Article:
Consdier another example. Labrador City (52.9°N), one of Labrador’s southern communities, has a climate which on average is more similar to Whitehorse (60.7°N) or Yellowknife (62.4°N) than it is to any community on the Island of Newfoundland.
By any reasonable metric, Labrador should be considered northern.
Assuming we can all agree that Labrador is a unique portion of the province of N.L., then the problem starts to come a little more into focus.
Since joining Canada, the Government of Newfoundland and Labrador has essentially had to foot the bill for providing services for what amounts to a territory for more than 60 years. Sure, there are instances where the federal government has contributed funding for various projects—e.g. the Trans-Labrador Highway—but it certainly hasn’t been a long-term permanent funding structure in the way that is needed to give Labradorians a reasonable quality of life.
Furthermore, the lack of some sort of a formal funding agreement has undoubtedly forced the island portion of the province to be neglected in areas as well, which undoubtedly fuels negativity between residents of Labrador and the Island of Newfoundland.
Overall, many Labradorians feel frustrated that there is so little investment which comes from the provincial government into Labrador unless it is related to natural resource projects. While this point may be true, the counter-argument that could be made is that even if we had absurdly high taxes and shifted huge chunks of the provincial budget towards Labrador, it is unlikely that there would be enough money to deal with all the issues in Labrador which are related to years of underinvestment and colonialism.
This is where the problem really lies. Even if the provincial government had played more of an active role in investing in Labrador historically, it would not have had the capacity to deliver the services that most people today require. That this problem has been allowed to fester for more than 60 years shows that the federal government has to some degree abdicated its responsibility to the people of Labrador.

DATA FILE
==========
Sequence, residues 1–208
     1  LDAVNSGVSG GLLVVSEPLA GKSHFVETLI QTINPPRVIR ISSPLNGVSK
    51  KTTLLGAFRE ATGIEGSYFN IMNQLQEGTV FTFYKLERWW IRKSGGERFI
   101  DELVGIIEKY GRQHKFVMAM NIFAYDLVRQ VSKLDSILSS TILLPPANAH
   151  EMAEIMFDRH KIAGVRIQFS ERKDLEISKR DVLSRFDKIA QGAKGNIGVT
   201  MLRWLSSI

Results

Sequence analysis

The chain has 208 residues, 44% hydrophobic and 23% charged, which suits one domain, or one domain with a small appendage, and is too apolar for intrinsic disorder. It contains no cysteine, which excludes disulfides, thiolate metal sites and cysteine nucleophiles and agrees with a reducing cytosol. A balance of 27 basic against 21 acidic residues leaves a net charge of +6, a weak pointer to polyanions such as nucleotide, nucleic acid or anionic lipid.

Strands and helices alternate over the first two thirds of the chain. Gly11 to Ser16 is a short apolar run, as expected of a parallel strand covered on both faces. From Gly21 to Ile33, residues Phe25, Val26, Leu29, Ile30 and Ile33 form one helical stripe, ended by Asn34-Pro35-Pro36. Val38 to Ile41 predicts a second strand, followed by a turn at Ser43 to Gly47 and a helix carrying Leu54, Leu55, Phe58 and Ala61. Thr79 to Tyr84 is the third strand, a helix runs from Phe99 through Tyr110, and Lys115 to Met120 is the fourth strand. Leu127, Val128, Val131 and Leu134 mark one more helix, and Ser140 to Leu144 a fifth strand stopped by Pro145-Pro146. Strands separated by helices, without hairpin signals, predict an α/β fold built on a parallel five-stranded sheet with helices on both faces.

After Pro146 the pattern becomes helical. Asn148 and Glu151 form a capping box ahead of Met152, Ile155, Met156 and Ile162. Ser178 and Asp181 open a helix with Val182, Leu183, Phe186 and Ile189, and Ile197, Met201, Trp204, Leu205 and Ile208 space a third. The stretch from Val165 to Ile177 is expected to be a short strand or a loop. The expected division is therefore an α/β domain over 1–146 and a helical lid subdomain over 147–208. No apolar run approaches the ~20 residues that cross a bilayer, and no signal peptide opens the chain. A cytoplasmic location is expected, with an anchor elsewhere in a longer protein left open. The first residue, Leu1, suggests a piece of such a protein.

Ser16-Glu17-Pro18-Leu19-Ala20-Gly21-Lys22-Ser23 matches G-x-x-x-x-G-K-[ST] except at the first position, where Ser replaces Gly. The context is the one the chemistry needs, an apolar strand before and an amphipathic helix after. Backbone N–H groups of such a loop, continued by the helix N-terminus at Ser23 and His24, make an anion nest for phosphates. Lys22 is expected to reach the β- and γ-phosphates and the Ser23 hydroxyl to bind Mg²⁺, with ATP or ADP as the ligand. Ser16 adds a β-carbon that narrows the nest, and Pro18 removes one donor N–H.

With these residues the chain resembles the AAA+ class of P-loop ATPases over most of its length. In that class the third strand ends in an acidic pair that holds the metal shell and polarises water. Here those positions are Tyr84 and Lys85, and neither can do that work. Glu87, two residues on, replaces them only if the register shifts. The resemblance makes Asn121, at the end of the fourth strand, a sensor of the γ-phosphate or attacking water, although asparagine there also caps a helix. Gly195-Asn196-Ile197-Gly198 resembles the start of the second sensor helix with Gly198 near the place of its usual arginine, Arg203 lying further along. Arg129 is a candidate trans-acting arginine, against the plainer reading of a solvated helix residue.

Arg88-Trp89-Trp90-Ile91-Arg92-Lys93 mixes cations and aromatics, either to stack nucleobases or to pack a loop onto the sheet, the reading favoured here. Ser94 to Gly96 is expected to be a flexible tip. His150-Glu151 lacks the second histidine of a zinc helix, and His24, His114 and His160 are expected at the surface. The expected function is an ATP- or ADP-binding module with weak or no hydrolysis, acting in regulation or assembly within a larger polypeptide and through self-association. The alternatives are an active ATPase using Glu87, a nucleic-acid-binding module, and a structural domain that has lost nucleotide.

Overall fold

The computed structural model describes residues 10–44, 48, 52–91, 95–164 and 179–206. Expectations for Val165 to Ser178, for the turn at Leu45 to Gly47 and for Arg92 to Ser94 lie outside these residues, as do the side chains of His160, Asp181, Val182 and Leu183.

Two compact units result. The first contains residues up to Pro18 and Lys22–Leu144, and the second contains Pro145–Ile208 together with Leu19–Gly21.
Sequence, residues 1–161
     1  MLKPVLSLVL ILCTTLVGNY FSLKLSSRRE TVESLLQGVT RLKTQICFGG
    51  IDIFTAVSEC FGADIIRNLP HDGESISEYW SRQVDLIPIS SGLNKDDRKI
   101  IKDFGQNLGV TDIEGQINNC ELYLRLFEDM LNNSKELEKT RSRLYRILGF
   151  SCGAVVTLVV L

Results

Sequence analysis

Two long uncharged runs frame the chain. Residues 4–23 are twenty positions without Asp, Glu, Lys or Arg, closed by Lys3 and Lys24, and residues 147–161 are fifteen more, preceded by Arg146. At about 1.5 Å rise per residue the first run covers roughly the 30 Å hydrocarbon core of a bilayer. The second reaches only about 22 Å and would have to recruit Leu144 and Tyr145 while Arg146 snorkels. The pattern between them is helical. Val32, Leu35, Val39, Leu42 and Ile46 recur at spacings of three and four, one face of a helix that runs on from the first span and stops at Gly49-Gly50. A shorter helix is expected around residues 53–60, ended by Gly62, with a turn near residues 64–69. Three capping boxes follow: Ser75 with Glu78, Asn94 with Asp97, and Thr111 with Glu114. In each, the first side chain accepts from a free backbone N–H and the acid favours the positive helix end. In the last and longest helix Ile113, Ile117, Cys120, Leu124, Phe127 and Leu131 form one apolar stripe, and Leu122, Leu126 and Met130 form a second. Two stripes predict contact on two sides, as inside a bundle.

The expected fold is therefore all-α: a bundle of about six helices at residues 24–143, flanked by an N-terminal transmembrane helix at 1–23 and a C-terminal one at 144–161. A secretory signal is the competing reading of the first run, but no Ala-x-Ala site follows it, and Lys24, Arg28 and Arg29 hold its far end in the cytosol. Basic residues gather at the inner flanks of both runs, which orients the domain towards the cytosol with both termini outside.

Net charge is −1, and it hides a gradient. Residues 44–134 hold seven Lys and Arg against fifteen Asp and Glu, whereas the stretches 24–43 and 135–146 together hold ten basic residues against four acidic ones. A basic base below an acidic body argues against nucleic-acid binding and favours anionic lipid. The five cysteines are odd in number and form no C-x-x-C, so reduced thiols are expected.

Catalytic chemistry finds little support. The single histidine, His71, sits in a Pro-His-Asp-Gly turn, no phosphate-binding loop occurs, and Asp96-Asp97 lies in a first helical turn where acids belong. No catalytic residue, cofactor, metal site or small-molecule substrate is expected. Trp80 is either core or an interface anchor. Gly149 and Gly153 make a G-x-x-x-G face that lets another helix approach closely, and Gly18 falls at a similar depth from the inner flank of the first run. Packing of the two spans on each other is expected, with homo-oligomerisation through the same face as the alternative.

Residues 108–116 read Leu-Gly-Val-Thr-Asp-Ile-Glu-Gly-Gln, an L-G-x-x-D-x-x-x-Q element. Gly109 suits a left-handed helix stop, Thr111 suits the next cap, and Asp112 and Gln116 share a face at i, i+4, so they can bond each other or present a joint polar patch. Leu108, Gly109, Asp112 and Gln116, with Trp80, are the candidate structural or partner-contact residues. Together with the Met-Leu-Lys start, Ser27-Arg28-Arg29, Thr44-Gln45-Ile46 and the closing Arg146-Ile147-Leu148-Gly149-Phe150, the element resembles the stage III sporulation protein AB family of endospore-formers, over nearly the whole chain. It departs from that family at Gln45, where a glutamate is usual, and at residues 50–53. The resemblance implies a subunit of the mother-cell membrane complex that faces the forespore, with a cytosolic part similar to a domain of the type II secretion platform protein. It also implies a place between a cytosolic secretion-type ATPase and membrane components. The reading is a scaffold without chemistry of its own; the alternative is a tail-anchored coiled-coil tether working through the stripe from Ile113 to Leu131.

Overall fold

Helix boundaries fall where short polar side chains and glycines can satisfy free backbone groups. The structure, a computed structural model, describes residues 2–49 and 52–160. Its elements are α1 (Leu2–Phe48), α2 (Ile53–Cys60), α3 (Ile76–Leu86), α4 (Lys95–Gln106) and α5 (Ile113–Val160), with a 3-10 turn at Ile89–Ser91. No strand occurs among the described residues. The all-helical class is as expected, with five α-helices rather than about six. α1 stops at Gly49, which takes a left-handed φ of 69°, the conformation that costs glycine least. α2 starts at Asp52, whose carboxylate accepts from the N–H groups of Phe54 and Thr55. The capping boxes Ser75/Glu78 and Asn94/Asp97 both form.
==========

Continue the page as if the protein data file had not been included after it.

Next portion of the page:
So how can this be resolved?
Well, first we need to all be more active participants in the political process and particularly in lobbying our government representatives at the federal and provincial level for a new funding structure to support the people of Labrador. If we look at how much money the territories receive per person, we can see that generally the more isolated the territory the more money is made available (see Image 1).
Were Labrador under a similar funding regime to a territory—assuming this admittedly crude representation was even remotely realistic—we would be receiving about $600 million a year from the federal government. I’m not advocating that Labrador necessarily heads towards being a territory; this type of process takes years and undoubtedly would be very complicated with multiple land claims present from Indigenous groups.
However, a consistent funding structure allocated to the provincial government that is earmarked directly for Labrador would allow for investment to occur without the problems of self-determination. Even half the amount above (around $600 million) would pay huge dividends for the people of Labrador. Without a coherent long-term funding strategy in Labrador, it seems likely that we are destined to continually repeat the same boom and bust cycle of investment that has promoted inequality and outmigration.
If we can’t have accessible communities with electricity, clean running water, internet and cellular services, then it will continue to be difficult to retain people in this portion of the province.
Labradorians are proud people, many of whom would love to spend their lives in the region. However, the reality of the modern world is that it is becoming increasingly difficult to do this.
So yes, it is certainly time to admit that we have a problem. A solution would be the type of #realchange Labradorians and Indigenous People living there deserve.
Robert Way is a Labradorian of Inuit descent from Goose Bay. He’s spent most of his adult life studying Arctic (and Antarctic) environmental change. He is currently a PhD Candidate in Physical Geography at the University of Ottawa and can often be found deep in the wilderness of Labrador clinging to a mountainside.